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Rodman Wrestles With NBA

Dennis Rodman has stayed out way past his bedtime, lost his car keys and gone on a two-day birthday bender that might have killed lesser men.

So what's his excuse for skipping practice this time? Abducted by aliens?

Oh, that's right, this is Dennis Rodman. Hanging out with aliens probably would be a come down from the everyday life of the tattooed, multihued poster boy for bad behavior.

"He's going to come to practice tomorrow hopefully and have some lame excuse," Scottie Pippen said. "We know what Dennis is like, we know what type of player he is. He's the guy that does what he wants and all you can do is deal with it."

Leave it to Rodman to find a way to upstage the Chicago Bulls and their 42-point victory over the Utah Jazzin Game 3 of the NBA Finals. Rodman, who has as many mood swings as he has hair colors, was fined $10,000 Monday by the NBA for blowing off a mandatory question-and-answer session.

He also skipped Chicago's film session, which probably means a fine by the Bulls, too.

On Monday night, he was seen with Hulk Hogan attending a wrestling match in Auburn Hills, Mich. He declined to talk to a reporter at the match, staying in a luxury box at The Palace.

He was with World Championship Wrestling president Eric Bischoff and wrestlers Hulk Hogan, Bret Hart and a 7-foot-4, 510-pound grappler billed as the "The Giant," who defended Rodman's absence from the Bulls.

"The beautiful thing about Dennis is that he's the epitome of a free spirit," said The Giant, whose real name is Paul Wight II. "If the Bulls try to control him from doing things like this, it would be like cutting off Samson's hair."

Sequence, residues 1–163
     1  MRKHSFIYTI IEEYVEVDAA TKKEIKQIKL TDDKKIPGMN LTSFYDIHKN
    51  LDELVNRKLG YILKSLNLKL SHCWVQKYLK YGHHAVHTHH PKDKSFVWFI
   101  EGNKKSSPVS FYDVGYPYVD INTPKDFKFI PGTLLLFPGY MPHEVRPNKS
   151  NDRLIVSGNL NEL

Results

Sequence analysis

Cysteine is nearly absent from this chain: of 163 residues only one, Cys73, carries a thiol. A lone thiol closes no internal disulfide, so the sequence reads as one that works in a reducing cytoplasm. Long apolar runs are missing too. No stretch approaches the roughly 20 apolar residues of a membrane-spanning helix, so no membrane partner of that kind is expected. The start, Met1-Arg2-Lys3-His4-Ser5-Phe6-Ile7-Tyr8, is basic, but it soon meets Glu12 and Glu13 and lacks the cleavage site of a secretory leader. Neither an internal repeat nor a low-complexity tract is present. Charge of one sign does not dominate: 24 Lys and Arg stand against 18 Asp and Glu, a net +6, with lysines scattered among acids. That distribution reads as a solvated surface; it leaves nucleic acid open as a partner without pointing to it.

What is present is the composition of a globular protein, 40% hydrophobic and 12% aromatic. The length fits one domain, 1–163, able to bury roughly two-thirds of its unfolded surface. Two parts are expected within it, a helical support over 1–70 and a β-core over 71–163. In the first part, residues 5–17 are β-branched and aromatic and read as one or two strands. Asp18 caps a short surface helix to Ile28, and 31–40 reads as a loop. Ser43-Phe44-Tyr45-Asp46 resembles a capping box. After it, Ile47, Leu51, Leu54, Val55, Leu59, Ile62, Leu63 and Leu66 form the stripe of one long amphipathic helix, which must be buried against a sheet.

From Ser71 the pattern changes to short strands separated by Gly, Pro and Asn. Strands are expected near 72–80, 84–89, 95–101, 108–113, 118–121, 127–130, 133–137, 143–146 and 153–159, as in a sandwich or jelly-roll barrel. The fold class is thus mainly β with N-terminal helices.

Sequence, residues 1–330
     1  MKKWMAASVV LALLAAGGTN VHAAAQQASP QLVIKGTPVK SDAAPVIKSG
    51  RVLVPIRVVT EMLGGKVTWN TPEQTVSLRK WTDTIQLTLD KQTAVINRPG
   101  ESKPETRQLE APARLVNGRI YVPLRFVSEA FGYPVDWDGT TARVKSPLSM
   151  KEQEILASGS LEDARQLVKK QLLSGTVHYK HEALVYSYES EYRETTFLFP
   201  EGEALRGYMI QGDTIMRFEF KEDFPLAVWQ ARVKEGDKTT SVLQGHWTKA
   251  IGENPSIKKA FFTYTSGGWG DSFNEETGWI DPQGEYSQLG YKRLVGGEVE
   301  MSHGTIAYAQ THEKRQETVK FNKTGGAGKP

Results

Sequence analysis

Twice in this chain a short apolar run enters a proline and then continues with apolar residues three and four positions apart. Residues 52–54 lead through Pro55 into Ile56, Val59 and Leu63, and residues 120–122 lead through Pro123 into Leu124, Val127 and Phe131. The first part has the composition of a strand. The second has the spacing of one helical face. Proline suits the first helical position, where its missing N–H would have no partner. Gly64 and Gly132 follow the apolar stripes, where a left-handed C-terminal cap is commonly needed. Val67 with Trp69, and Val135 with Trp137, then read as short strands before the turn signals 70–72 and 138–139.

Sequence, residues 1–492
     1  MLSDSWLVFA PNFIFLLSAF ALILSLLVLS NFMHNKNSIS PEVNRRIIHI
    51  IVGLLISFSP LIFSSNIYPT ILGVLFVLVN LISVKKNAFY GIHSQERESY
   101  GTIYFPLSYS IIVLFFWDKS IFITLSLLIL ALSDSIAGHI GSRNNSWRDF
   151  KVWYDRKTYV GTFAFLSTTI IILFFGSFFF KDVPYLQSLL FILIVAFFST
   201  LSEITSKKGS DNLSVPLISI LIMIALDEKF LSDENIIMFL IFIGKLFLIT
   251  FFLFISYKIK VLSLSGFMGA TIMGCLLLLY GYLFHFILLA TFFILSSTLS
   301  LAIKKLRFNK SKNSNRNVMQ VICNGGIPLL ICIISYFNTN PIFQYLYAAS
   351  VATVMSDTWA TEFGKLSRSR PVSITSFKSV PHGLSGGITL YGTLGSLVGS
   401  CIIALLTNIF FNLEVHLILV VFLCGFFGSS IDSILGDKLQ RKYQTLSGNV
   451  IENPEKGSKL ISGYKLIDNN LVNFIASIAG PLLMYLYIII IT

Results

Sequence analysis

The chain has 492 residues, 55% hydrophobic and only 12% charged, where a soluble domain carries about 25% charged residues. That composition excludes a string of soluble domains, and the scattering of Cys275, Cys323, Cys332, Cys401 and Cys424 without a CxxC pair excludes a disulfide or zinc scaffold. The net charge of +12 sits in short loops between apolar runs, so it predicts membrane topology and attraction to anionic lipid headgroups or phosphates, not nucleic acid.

"We couldn't have a society that acted like Dennis," coach Phil Jackson said. "There would be nobody having lanes in the freeway, you couldn't queue up anywhere and get in line. You'd have to be disorderly. Dennis is not a normal person in our society, but he's great in what he does here."

Which is why the Bulls are willing to overlook Rodman's extensive list of antics. He's the best rebounder the NBA's ever had. At 37, he's still good enough to win a seventh consecutive rebounding title.

And for some twisted reason, he gives the Bulls a spark that no one can duplicate.

"With Dennis comes a lot of baggage," Michael Jordan said. "We just have to carry it and we have to accept it."

Accepting someone's quirks is one thing. But Rodman's behavior is so outlandish it would test the patience of the serenest of people, no matter how much Zen Buddhism they practice.

An incentive-laden contract kept him in check for most of the season. He was sent home from a game in New Jersey after saying out too late partying, and he lost his starting job for two games in February after he blew off two practices, but at least he didn't head-butt anyone or kick any cameramen.

But there's something about the playoffs that brings out the worst in Rodman. Just ask the Mormons, whom Rodman insulted last year in a profanity-laced diatribe.

This year's meltdown started innocently enough. He began showing up late for games, waltzing into the locker room an hour before tipoff with a smirk on his face. Then, when Jackson started Toni Kukoc instead of Rodman, he disappeared to the locker room at the start of each half, forcing Jackson to send an assistant trainer to find him.

And now, this.

"It's very frustrating at this time," Pippen admitted. "But you don't want to carry that into the next time, you don't want to carry that into the next practice. You want the team chemistry to stay as strong as possible. Especially the situation we're in, we don't want Dennis taking the focus away from the team."

That won't happen, Jackson said. The rest of the Bulls understand that Rodman is just being Rodman. He doesn't like talking to the media, and he doesn't mind shelling out a few thousand dollars to avoid it.

The Bulls will just wait for Rodman to show up and move on from there.

"If he does his job in the game, it doesn't really matter to me what he does," Jud Buechler said. "We've dealt with this for the last three years. There is no shock, you can't shock us anymore. This team has seen way too much."

©1998 The Associated Press. All Rights Reserved. This material may not be published, broadcast, rewritten, or redistributed

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